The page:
Session

Oral Session 5: Fairness and Privacy

Moderator: Brendan McMahan



Fri 10 Dec 4 p.m. PST — 5 p.m. PST

Abstract:

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Fri 10 Dec. 16:00 - 16:15 PST

(Oral)
Evaluating Gradient Inversion Attacks and Defenses in Federated Learning

Yangsibo Huang · Samyak Gupta · Zhao Song · Kai Li · Sanjeev Arora

Gradient inversion attack (or input recovery from gradient) is an emerging threat to the security and privacy preservation of Federated learning, whereby malicious eavesdroppers or participants in the protocol can recover (partially) the clients' private data. This paper evaluates existing attacks and defenses. We find that some attacks make strong assumptions about the setup. Relaxing such assumptions can substantially weaken these attacks. We then evaluate the benefits of three proposed defense mechanisms against gradient inversion attacks. We show the trade-offs of privacy leakage and data utility of these defense methods, and find that combining them in an appropriate manner makes the attack less effective, even under the original strong assumptions. We also estimate the computation cost of end-to-end recovery of a single image under each evaluated defense. Our findings suggest that the state-of-the-art attacks can currently be defended against with minor data utility loss, as summarized in a list of potential strategies.

Fri 10 Dec. 16:15 - 16:20 PST

(Q&A)
Q&A

Fri 10 Dec. 16:20 - 16:35 PST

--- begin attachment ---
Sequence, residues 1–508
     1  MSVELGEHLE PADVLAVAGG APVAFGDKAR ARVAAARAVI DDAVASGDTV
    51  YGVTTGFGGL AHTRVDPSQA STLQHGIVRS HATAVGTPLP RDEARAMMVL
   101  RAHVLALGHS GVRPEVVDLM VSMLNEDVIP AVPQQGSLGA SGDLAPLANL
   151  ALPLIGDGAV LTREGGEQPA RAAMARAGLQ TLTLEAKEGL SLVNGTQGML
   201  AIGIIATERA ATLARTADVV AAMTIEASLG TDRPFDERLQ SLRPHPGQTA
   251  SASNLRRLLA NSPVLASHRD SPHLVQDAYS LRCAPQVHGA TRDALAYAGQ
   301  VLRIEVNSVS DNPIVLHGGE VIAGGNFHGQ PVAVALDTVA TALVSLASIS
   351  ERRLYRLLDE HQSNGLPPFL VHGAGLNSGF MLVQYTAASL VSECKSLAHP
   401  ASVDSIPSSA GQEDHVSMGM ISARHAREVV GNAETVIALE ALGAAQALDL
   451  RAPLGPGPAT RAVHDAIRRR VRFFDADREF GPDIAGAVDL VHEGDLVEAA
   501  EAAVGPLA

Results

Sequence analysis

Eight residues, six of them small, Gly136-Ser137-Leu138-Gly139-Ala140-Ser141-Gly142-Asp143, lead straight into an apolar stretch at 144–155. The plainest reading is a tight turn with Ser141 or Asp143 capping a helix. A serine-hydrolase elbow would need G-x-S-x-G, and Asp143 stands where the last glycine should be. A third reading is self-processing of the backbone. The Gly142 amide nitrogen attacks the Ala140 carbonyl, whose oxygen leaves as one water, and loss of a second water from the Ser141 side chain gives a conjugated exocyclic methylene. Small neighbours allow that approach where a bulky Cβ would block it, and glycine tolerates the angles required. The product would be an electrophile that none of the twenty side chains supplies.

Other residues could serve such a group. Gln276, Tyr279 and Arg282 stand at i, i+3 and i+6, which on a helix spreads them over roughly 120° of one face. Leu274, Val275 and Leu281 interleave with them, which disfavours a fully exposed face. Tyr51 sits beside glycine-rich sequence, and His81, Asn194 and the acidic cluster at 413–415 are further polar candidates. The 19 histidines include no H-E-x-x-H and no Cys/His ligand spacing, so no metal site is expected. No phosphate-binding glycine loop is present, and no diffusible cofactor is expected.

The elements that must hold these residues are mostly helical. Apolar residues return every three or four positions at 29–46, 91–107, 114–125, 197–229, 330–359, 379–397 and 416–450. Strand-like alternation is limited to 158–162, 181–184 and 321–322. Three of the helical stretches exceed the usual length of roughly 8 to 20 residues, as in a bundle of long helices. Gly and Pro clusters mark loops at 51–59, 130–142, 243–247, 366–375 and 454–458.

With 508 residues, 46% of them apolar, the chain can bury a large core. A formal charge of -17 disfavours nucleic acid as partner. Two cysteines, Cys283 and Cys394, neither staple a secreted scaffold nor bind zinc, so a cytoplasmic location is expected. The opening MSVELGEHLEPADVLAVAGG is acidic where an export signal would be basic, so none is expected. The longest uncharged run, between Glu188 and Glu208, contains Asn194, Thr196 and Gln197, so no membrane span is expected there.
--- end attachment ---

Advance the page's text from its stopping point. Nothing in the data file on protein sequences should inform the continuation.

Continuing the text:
(Oral)
Retiring Adult: New Datasets for Fair Machine Learning

Frances Ding · Moritz Hardt · John Miller · Ludwig Schmidt

Although the fairness community has recognized the importance of data, researchers in the area primarily rely on UCI Adult when it comes to tabular data. Derived from a 1994 US Census survey, this dataset has appeared in hundreds of research papers where it served as the basis for the development and comparison of many algorithmic fairness interventions. We reconstruct a superset of the UCI Adult data from available US Census sources and reveal idiosyncrasies of the UCI Adult dataset that limit its external validity. Our primary contribution is a suite of new datasets derived from US Census surveys that extend the existing data ecosystem for research on fair machine learning. We create prediction tasks relating to income, employment, health, transportation, and housing. The data span multiple years and all states of the United States, allowing researchers to study temporal shift and geographic variation. We highlight a broad initial sweep of new empirical insights relating to trade-offs between fairness criteria, performance of algorithmic interventions, and the role of distribution shift based on our new datasets. Our findings inform ongoing debates, challenge some existing narratives, and point to future research directions.

Fri 10 Dec. 16:35 - 16:40 PST

(Q&A)
Q&A